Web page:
This week, dads and kids around the country will hit the mall, department stores and jewelry shops looking for the perfect Mother’s Day gift. They will buy pancake mix, fresh berries and specialty flavored coffee in preparation for making mom breakfast in bed. They may wash her car, take her out to dinner or surprise her with tickets to that concert she’s been wanting to see. Lovely cards will be given from spouses, little kids will work hard at school this week tracing their hand over a Mothers Day’s poem, and teenagers may actually give mom a genuine hug and grunt out a “Happy Mother’s Day, Ma.”
And yet, none of these things, these gifts and gestures, cards and meals, are what moms really want this Sunday. I know it’s not what I want.
No, I don’t want to be left all alone on Mother’s Day with a box of chocolates, the remote and a quiet, peaceful house. I also don’t want to be waited on hand and foot all day, pampered and fussed over, like someone who has just come back from a traumatic experience and needs a refreshing makeover.
There is only one thing I want for Mother’s Day. Just one. I want to be told I’m doing this right. This whole motherhood thing, just be told I’m doing it right. I need to hear it. And I don’t want it told to me in the form of a bouquet of roses, a scented candle and a burnt omelette brought to me in bed on Sunday morning.
Remember your very first six weeks of mothering? When you endured around-the-clock care-taking with zero feedback, when the only sounds you heard were wails, and the only sight you saw was a red scrunched-up face? When did you first feel like you were doing it right? For me, it was the first time my baby looked up at me and smiled. That one wide grin told me everything I needed to hear.
In the years since, I have allowed myself to forget what it feels like to be smiled at, and I have simply forgotten to be aware that I am doing it right. So please, please tell me I am doing it right, and not just on Mother’s Day. Tell it to me on days I need to hear it the most. On days when I am at my worst. When long days leave me weary and emotionally bruised from society’s unattainable expectations for raising kids, I need to be told, “You’re doing it right.”
When my patience tank is grossly depleted, and my children’s wants and needs have left me in a state of panic and suffocating anxiety, I need to be told, “You’re doing it right.”
When I doubt with every bone in my body that the answers I give my inquisitive teenagers about relationships, marriage, love and life are actually intelligible and inspiring, I need to be told, “You’re doing it right.”
When I have flipped what feels like my 85,000th pancake, packed my 10,000th lunch, and served yet another plate of spaghetti to children who are not old enough yet to grasp what a hot, homemade meal truly means, I need to be told, “You’re doing it right.”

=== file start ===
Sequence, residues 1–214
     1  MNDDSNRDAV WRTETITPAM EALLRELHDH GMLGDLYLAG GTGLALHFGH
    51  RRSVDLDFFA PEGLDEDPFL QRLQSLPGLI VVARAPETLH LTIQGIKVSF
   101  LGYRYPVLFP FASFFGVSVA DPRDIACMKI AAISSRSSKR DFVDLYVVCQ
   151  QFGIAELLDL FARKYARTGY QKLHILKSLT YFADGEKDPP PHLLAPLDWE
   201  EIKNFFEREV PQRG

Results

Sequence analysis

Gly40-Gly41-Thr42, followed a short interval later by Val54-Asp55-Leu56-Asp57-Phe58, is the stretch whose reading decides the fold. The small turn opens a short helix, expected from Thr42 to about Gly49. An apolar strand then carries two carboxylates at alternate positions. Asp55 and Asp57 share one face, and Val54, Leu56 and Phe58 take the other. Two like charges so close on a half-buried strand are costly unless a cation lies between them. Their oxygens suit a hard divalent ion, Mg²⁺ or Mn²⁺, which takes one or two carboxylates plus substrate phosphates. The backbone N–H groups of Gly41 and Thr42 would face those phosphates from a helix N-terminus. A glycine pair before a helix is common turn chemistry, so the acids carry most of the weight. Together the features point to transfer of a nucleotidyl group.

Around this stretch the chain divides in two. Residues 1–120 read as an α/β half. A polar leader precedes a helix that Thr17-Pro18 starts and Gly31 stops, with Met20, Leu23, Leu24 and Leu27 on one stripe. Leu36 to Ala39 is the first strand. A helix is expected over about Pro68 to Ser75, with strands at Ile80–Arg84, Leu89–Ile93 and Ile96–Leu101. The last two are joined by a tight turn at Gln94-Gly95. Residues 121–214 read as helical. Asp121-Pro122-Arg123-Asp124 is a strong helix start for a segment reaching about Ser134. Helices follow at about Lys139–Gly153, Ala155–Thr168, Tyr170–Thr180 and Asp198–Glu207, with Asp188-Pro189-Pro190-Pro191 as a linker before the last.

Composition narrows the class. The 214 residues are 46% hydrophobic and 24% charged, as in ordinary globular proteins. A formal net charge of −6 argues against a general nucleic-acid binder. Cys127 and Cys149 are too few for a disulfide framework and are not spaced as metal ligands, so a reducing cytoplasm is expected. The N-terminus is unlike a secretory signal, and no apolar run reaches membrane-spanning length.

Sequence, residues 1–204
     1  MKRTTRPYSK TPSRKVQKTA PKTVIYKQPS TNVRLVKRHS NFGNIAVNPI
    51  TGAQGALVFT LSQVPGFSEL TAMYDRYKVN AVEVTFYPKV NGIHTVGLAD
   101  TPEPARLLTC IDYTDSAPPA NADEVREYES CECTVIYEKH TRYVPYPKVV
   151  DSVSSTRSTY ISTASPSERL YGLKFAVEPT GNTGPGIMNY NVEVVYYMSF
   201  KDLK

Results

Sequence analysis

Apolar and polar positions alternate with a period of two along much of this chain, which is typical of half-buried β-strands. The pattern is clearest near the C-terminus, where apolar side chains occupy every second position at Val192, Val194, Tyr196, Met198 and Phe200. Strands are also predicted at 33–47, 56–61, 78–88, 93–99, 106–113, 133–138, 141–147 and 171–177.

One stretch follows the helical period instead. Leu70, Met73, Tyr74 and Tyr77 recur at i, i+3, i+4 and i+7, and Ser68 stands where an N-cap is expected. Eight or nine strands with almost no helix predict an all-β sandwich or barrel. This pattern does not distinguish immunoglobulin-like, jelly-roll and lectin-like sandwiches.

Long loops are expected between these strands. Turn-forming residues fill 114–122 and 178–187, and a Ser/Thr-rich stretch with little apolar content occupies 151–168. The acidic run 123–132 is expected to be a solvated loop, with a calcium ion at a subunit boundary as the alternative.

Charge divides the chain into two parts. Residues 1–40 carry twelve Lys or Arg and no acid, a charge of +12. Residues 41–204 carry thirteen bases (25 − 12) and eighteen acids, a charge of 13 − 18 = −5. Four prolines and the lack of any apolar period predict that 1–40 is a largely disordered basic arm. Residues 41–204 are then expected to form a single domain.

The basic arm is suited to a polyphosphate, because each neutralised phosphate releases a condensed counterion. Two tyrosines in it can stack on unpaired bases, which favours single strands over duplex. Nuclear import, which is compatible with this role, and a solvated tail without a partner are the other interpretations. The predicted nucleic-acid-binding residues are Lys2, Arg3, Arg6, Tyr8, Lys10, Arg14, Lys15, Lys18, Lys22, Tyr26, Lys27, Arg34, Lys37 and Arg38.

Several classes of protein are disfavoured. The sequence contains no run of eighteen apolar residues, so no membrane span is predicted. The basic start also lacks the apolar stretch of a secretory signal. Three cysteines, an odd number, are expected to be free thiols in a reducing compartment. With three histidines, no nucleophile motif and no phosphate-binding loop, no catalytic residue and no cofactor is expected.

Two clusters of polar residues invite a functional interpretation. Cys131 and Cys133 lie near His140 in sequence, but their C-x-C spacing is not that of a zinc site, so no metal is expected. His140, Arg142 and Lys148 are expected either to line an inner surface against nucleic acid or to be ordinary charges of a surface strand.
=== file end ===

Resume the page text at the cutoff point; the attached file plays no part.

When I lie down exhausted in the evening, when anger has fueled my speech, and I go to bed full of regret and shame for not doing better, knowing better and being better, I need to be told, “You’re doing it right.”
When I look at piles of dirty dishes, dirty laundry and dirty faces and only see failure instead of full bellies and active kids, I need to be told, “You’re doing it right.”
When I am left with nothing more to give, when I feel I cannot do another single second of parenting, of molding, shaping and raising boys into men, I just need to be told, “You’re doing it right.”
I can only assume I speak for thousands of mother when I say this: Telling me I am doing it right one day out of 365, a day where a calendar and TV commercials are reminding you to tell me I’m doing it right in the form of charm bracelets and pedicures, is not what I need. Please, tell me more often. Tell me in words. This Sunday, if you’re lucky enough to still have your own mother in your life, call her up and just say one thing: “You did it right.”
This Sunday, call up that single or divorced mom you know, the one whom I bet more often than not feels “less than” because she is going at it alone, and tell her one thing: “You’re doing it right.”
Next week when you pass that young mom in the grocery store, the one with the toddler and infant in tow and the dark circles and frumpy appearance clueing you in to the fact that she is utterly exhausted, pat her on the shoulder as you pass and say, “You’re doing it right.”
When you are commiserating with another mom of teens about how you never thought age 17 would be this difficult, how dealing with the modern adolescent has sucker-punched you both in the face, remind each other, “You’re doing it right.”
To the special needs mom you know, who spends her days not just as a mom, but as her child’s angel, superhero and savior, and yet wonders daily why she was chosen to parent this child, please tell her, “You’re doing it right.” And that friend you have who is expecting her first baby? Don’t go on and on about sleepless nights and the terrible twos. Hug her, look her right in the eyes, and tell her, “You’re gonna do it right.”
Happy Mother’s Day to all the moms who think they are doing it wrong. Here is your gift from me: “YOU’RE DOING IT RIGHT.”
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